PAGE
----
Saturday, 30 December 2017
Eric, Ernie and Me (2017)
BBC4's bijou biopics of beloved British talent from yesteryear was once a regular fixture on the channel, but budgetary restrictions saw them bring their original drama output to something of a close after 2013's Burton and Taylor. This means that anything approaching such a format is now done with some irregularity, saved for special occasions such as Christmas, so it's only fitting that their attempt to tackle the story of Eddie Braben now: the unsung gag writer of Morecambe and Wise, the comedy double act who dominated the Christmas schedules of days gone by.
When I first heard that BBC4 were making Eric, Ernie and Me, I was impressed by the casting of Stephen Tompkinson as Braben, but confused and apprehensive by the casting of Mark Bonnar and Neil Maskell as Eric and Ernie. Tompkinson is one of our most versatile actors, adapt at both serious drama and broad comedy, capable of many a dialect and bearing a passing physical resemblance to the man himself. I knew then that he'd have no trouble portraying the scouse market trader who went on to write gags for everyone from Charlie Chester to Ken Dodd, and whose 2004 autobiography The Book What I Wrote shed light on time writing for Eric and Ernie and arguably formed the basis of this drama. Mark Bonnar is an actor I'm rather keen on thanks to his deadpan turn in the sitcom Catastrophe, but the thought of this thin, prematurely silver haired Scottish actor portraying the bespectacled jester, Eric Morecambe was a bit of a stretch for my imagination, and ditto Neil Maskell as Ernie, an actor best known for playing a variety of laddish hard men culminating in his best known role, that of Jay in Kill List. I began to wonder why they didn't just cast Jonty Stephens and Ian Ashpitel whose stage act is to recreate Eric and Ernie and appeared on our screens as such just last Christmas in the Eric Idle (less than) spectacular The Entire Universe.
But now I've seen this I know why they opted for Bonnar and Maskell. What I perhaps didn't expect from this drama was the fact that the story was just as much about Morecambe and Wise as it was about Braben. There's a key scene when, at the behest of Braben who is reeling from nervous exhaustion due to the gruelling schedule set by the boys, the BBC suggest that the Christmas show should accommodate a more variety feel, including musical numbers that recall the days of old Hollywood. Ernie is immediately in agreement, but Eric rules it out flatly, demanding they stick only to the familiar routine of gags and sketches which would mean the same workload for Braben. Aware that a long held ambition is about to be snatched away from him by his partner, Maskell's Ernie asks for a private word with Eric and, in what follows, I instantly realised that the film required some proper actors in the role rather than - and no offence meant to Stephens and Ashpitel, who are obviously actors in their own right - a pair of highly skilled imitators. Bonnar and Maskell would never convince as the much loved Morecambe and Wise, but there were times when they most assuredly were Eric and Ernie. Bonnar in particular taps into the drive that was required for a performer who was so 'on' all of the time; and the demands that kind of behaviour made on those around him, as well as the reasons why he was so determined (he intrinsically knew, following his first heart attack with which the film opens on, that he was living on borrowed time and needed to make his mark) are not pussyfooted around in this biopic as Tompkinson's Braben goes from being an outgoing genial family guy to an utter shell of a man as the constant shuttling from Liverpool to London, the endless rewrites, and the necessity for perfection expected from him by the BBC and the boys take their toll.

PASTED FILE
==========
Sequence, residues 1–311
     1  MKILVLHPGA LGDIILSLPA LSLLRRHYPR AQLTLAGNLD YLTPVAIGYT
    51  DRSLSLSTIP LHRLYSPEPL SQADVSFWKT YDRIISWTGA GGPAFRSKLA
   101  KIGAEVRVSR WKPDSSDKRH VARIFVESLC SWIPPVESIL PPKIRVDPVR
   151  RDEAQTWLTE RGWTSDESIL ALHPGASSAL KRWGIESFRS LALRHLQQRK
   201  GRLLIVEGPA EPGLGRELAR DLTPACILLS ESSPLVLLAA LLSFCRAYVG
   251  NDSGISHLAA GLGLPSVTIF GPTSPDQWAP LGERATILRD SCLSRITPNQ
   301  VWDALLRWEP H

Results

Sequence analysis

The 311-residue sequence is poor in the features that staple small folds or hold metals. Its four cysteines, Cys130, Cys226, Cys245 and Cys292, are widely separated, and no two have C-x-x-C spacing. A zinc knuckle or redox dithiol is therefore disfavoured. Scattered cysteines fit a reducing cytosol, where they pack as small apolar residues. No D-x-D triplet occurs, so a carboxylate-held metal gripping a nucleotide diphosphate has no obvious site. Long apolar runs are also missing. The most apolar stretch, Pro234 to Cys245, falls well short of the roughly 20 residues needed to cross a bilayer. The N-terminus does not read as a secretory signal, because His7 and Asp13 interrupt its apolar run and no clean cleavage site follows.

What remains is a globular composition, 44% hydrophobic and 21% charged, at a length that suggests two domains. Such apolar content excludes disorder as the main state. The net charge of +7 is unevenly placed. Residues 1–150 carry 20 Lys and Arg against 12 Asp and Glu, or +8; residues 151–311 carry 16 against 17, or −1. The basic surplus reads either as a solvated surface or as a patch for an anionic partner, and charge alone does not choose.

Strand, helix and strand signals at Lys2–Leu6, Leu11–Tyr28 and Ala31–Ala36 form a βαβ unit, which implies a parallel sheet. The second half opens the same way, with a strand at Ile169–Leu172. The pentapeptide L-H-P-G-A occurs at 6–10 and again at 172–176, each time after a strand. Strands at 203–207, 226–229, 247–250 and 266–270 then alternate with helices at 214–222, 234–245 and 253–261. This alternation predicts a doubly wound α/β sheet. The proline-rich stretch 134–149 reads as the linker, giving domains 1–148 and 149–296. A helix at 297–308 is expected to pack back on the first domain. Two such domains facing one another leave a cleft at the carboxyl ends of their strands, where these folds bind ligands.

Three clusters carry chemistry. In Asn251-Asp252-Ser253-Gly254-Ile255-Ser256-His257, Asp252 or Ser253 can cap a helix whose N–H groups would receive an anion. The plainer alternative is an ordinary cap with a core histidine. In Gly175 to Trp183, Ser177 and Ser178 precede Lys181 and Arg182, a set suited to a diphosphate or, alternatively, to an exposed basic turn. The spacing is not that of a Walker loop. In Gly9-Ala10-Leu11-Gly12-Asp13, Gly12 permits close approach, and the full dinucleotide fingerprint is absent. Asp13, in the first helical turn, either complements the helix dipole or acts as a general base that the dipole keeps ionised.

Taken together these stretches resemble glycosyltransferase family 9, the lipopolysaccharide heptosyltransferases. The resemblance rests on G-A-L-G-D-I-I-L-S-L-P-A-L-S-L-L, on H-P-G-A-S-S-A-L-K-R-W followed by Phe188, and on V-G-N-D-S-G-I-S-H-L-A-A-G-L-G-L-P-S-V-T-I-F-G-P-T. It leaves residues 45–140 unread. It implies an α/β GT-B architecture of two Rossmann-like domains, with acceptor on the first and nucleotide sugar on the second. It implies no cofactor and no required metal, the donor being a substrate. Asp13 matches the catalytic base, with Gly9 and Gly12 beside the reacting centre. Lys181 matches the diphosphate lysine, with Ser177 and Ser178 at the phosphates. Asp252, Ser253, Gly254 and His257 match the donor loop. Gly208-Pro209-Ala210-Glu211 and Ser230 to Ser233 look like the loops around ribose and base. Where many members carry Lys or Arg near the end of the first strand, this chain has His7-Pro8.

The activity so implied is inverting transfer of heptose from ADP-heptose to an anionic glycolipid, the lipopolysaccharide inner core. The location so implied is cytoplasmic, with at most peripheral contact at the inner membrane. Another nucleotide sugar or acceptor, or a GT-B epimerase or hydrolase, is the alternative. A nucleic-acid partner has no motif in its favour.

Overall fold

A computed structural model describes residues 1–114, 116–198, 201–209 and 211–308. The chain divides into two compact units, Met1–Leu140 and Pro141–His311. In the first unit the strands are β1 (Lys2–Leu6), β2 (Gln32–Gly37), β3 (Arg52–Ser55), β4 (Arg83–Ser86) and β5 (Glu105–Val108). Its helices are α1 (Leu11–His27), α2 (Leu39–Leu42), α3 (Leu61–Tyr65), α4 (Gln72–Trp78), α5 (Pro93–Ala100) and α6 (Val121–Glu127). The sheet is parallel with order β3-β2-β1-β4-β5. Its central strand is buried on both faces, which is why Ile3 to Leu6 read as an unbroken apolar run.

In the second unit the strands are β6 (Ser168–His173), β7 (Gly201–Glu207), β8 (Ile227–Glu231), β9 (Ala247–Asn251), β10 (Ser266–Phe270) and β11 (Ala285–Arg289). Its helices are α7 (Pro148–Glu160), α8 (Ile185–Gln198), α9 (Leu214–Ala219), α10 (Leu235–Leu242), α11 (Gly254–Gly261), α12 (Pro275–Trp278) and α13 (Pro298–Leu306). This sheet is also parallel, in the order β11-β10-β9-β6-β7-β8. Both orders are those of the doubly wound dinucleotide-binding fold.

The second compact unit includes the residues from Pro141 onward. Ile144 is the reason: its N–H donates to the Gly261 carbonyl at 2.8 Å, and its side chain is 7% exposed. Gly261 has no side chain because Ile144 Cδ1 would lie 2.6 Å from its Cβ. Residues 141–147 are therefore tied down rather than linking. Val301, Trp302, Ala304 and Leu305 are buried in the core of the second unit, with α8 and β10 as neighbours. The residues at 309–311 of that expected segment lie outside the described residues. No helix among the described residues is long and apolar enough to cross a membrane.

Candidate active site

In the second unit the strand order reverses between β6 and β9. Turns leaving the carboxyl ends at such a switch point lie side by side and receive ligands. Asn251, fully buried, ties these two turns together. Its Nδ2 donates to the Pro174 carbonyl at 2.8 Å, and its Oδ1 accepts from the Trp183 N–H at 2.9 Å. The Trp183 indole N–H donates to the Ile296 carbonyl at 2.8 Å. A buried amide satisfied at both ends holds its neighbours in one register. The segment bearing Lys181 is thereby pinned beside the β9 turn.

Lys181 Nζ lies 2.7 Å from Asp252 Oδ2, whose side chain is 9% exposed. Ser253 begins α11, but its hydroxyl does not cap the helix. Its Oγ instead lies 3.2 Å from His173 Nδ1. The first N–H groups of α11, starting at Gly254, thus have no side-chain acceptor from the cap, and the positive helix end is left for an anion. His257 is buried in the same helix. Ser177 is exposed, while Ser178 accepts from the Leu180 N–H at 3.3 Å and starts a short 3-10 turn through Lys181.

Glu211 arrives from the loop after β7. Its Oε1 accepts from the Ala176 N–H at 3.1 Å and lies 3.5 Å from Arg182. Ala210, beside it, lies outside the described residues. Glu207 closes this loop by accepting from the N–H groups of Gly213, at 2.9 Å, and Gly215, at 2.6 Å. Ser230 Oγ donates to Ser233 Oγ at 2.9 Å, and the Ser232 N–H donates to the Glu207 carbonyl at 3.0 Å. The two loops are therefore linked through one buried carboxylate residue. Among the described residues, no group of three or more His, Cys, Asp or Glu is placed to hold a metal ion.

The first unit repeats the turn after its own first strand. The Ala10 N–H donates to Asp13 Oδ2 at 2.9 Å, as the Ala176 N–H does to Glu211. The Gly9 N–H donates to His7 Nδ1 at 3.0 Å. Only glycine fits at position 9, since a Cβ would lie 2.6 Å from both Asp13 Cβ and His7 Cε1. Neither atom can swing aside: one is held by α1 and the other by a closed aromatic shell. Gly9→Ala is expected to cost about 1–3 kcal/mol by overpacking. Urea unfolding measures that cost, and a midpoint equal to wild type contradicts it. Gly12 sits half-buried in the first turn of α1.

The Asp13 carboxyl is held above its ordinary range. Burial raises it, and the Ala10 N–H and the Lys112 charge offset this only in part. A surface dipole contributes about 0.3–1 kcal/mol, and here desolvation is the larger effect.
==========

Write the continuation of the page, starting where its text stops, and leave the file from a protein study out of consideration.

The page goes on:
It's a shame though that some roles are less well cast. I used to quite like Alex Macqueen (pictured above on the left) from his days in The Thick of It, but it became apparent long ago that he approaches each role he takes in the same manner and with the same plummy accent and over enunciated delivery. He cannot play anything other than Alex Macqueen (seriously, if you haven't seen him trying to play it straight as a dubious MP in the third season of Peaky Blinders then drop everything and do so now, he stinks the place out trying to act tough yet perform in exactly the same manner) and that's fine, plenty of actors just play versions of themselves, but when you're hired to play someone who once walked this earth and did so in recent memory, it really won't do. To see him playing Bill Cotton here, exactly like every other role he takes, is laughable to anyone who actually recalls the real Bill Cotton. When you have actors really trying to recreate something of these figures, not just Eric, Ernie and Eddie Braben, but also some fleeting imitations of Vanessa Redgrave, Glenda Jackson and Andre Previn, it really does let the side down.
At just an hour, Eric, Ernie and Me doesn't outstay its welcome and gives you a flavour of the men who made Christmas throughout the '70s; finally allowing Braben's contribution the fitting tribute that both he and it deserves. It serves as a fitting companion piece to Victoria Wood's earlier biopic Eric and Ernie which looked at the double act's formative years.